How the Premier League referees are biased: an analysis

By Tony Attwood

There is no doubt that if you are playing at home in the premier league there are certain referees you welcome with open arms and others you think, we might as well pack up now.

The home win referees are the referees who conclude half their matches or more with a home win.  There are seven of them and last season, between them they took control of 151 matches.

Referee games Home Win % Away Win % Draw %
.Martin Atkinson 26 53.8 30.8 15.4
.Michael Oliver 26 53.8 26.9 19.2
.Craig Pawson 26 50.0 34.6 15.4
.Jonathan Moss 25 64.0 24.0 12.0
.Stuart Attwell 20 60.0 20.0 20.0
.Andy Madley 16 62.5 25.0 12.5
.Graham Scott 12 50.0 41.7 8.3

 

Now you might argue that this is quite natural as home teams have an obvious advantage.  But as we showed in the research last season and indeed through the pandemic, home advantage is not natural, and not a given.  It is donated by a home-biased referee who is influenced by crowd noise.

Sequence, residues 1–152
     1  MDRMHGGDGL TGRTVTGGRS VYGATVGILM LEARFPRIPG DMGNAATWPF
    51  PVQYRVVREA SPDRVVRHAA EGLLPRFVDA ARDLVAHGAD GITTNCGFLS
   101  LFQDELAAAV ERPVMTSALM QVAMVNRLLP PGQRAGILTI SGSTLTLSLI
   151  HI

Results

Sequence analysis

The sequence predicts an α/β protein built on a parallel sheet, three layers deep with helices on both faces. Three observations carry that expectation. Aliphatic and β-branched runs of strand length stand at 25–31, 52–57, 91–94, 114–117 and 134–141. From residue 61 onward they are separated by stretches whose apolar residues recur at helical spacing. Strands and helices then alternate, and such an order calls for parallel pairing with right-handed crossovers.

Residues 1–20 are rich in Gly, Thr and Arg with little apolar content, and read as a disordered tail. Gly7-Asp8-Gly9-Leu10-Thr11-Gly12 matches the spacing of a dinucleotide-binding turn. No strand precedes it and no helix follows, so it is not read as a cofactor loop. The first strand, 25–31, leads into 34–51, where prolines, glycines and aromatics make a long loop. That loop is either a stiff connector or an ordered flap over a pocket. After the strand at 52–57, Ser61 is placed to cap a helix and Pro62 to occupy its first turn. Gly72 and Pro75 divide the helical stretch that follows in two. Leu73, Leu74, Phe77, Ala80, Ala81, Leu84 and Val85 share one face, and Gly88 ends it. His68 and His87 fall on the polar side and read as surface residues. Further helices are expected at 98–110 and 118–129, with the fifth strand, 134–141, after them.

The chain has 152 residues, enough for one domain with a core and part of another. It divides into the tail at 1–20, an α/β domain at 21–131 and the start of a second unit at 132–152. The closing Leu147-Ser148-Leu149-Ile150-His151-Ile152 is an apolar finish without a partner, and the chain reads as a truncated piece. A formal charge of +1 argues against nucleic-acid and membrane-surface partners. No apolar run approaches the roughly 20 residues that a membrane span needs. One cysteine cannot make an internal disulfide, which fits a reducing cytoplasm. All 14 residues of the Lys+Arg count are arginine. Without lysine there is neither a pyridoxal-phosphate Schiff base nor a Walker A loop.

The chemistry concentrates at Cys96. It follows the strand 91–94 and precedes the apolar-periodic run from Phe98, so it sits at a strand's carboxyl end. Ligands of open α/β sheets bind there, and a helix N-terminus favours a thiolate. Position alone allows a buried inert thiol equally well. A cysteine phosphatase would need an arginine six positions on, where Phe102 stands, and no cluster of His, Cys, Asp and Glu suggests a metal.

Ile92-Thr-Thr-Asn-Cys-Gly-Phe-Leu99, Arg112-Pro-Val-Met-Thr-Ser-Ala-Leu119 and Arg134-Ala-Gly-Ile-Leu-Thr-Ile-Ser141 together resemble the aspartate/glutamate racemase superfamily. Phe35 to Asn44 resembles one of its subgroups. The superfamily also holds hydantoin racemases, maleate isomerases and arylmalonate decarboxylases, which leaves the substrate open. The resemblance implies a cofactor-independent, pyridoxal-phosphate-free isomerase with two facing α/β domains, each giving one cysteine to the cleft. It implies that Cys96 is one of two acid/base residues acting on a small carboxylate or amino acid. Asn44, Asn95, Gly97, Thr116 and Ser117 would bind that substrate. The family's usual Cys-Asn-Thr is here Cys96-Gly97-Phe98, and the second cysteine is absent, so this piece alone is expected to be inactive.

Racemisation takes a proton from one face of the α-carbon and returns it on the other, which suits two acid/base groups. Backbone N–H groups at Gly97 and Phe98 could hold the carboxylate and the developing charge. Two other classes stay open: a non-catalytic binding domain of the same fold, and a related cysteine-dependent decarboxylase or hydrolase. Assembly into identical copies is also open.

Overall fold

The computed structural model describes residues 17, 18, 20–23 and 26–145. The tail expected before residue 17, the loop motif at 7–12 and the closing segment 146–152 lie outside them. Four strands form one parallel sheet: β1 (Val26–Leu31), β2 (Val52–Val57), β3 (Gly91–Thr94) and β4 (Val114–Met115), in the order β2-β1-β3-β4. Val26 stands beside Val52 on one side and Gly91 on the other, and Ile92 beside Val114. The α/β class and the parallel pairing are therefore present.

This was proven through a series of analyses of what happened during lockdown, and there is some more background information on this in the article “Results from crowdless games” which produced this table.

Season Home win Draws Away win
2021/22 43% 23% 34%
2020/21 37% 24% 39%
2019/20 45% 24% 31%
2018/19 48% 19% 34%
2017/18 46% 26% 28%
2016/17 49% 22% 29%

 

And what makes this all the more interesting is the fact that there is a group of six Premier League referees for whom away wins are the norm.   These six referees give away wins in at least 40% of their matches.   (In this list 

Referee games Home Win % Away Win % Draw %
David Coote 20 25.0 40.0 35.0
Andre Marriner 19 26.3 57.9 15.8
Kevin Friend 18 33.3 50.0 16.7
Robert Jones 12 8.3 50.0 41.7
John Brooks 4 25.0 50.0 25.0

So as you can see, if your team is at home there are some referees you want, and some you really want to avoid.   And likewise for being away.  This effectively gives the control of results to PGMO who pick the referee for the game.